Last month UNICEF provided information on how to talk to children about the coronavirus (COVID-19).
Children hear news on TV and may see posts online. These can leave them feeling anxious, worried and even fearful.
All the changes they are experiencing as a result of our social isolation can be really unsettling. It is important that we have open and supportive discussions with children about what is going on so that fear of the unknown, and unfounded fears, do not exacerbate their anxiety and stress.
It's also important to monitor children during these discussions so that we do not increase their anxiety levels or leave them in a more distressed state after the conversation than they were before we started.
Firstly it is important to find out what your children know (or think they know).
The invitation to talk needs to be calm and supportive, where children feel safe. It might be useful to find different ways to initiate the conversation rather than simply sitting down for a face-to-face discussion.
For example, with younger children you might ask them to draw what it feels like being home all the time. Talking about the drawing can offer you opportunities to gently probe and find out what they know about why they are home.
Older children might be challenged to find several different resources on the internet that describe social distancing, which can also lead to opportunities to explore what they know about why this is so important at this time.
Never minimise children's concerns, acknowledge these and reassure them that it is natural to feel this way.
Accurate information helps us all cope with the situation we are currently experiencing.
It is important to think about your child's capacity to understand and target the information you share to this capacity. For example, a younger child is not likely to benefit from a discussion of what the virus actually looks like, whereas an older child might be challenged to find out about the different coronaviruses and how this particular form compares to the others.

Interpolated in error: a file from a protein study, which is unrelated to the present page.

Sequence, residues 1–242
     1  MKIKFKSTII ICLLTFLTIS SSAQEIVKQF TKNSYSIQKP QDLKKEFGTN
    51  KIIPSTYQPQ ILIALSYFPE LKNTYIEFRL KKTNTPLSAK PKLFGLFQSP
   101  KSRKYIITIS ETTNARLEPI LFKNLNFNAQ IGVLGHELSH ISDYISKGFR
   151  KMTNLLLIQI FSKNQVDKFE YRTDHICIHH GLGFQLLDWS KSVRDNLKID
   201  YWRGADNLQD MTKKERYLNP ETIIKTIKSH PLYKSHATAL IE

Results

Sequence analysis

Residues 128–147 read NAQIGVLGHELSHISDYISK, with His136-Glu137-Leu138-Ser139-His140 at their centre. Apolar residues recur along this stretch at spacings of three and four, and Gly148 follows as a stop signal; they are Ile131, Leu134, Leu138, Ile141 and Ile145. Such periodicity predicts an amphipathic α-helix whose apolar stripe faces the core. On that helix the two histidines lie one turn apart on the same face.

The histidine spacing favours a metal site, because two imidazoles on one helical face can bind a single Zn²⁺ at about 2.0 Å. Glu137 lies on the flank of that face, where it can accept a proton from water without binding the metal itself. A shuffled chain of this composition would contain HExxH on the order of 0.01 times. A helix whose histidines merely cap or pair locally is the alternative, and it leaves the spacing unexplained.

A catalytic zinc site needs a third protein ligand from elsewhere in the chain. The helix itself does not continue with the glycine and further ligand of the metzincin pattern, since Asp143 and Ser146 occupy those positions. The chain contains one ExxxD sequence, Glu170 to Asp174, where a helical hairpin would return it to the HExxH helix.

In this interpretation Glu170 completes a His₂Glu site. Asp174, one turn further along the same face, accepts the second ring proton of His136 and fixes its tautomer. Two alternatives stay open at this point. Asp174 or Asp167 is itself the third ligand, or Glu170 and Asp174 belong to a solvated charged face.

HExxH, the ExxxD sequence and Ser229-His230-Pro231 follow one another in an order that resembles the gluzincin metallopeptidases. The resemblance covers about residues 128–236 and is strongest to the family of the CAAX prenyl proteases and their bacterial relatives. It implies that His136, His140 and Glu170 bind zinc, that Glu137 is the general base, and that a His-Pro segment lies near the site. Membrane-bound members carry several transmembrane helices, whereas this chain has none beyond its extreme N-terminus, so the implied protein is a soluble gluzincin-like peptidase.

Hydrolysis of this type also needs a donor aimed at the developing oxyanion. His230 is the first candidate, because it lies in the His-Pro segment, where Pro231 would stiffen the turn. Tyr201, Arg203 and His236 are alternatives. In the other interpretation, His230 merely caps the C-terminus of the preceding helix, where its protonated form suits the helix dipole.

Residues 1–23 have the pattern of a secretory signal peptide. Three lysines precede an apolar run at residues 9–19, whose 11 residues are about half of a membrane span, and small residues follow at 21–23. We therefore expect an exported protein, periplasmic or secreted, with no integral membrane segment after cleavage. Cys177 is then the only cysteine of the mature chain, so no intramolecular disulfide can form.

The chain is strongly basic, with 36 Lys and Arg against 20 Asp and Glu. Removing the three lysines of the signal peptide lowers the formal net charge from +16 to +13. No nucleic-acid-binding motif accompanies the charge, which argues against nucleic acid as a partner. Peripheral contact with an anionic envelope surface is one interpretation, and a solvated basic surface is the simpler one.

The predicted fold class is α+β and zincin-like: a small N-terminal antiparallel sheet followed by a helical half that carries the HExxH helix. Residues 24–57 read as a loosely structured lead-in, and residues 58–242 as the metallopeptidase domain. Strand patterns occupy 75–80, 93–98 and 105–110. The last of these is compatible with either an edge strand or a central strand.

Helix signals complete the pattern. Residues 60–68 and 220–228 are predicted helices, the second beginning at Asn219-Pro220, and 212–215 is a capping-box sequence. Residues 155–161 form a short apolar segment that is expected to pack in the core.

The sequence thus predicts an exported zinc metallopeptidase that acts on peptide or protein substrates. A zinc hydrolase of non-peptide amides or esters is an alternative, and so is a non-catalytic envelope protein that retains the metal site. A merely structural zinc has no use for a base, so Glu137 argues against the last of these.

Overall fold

Never guess answers yourself - use the opportunity to search the internet together for answers. Usually you will find a range of different answers, some rather contradictory.
This is a wonderful opportunity to teach your children the critical skills they will need all their lives - the skills needed to assess the information provided, check the credentials of who is providing the information, and check the validity of the arguments used to support the information.
The UNICEF website provides a range of information that might be a useful starting point
Older children might enjoy watching the various handwashing demonstrations on the internet and determining which is the most useful - perhaps they could identify the pluses and minuses of several and explain why the one they have chosen is the best. They might be able to communicate with their friends via facetime or zoom or other alternatives and develop a joint presentation to share with their families.
You might also try similar activities in relation to safe coughing and sneezing and appropriate social distancing. Always reassure children that with appropriate safety precautions they are most likely to be safe.
Discrimination against others is on the increase as a result of the virus and it is important that we are alert to the ways our children are interpreting what they are seeing, and the extent to which they internalise this discrimination and articulate it.
Given our social isolation we are not likely yet to see if this translates into bullying of peers, but we can certainly hear in children's language if they are picking up on the various discriminatory comments circulating.
We need to address these comments and perceptions immediately, using them as an opportunity to explore issues of fairness. Encourage children to think about how it might feel to be in the other person's shoes, to find out more about the other person's culture, life and experiences.
To keep our children safe we need to be safe ourselves - physically and mentally healthy.
Make sure you have time to relax. Reach out to friends and family - even virtual daily conversations can make a huge difference.
Others can interact with your children online and give you a precious few minutes to catch your breath.
Grandparents can read a bedtime story via facetime or zoom. Children can share the projects they have worked on across the day with friends and family online. It is even possible to join several friends together to make a virtual choir and all sing together, or if your children play musical instruments, jam together.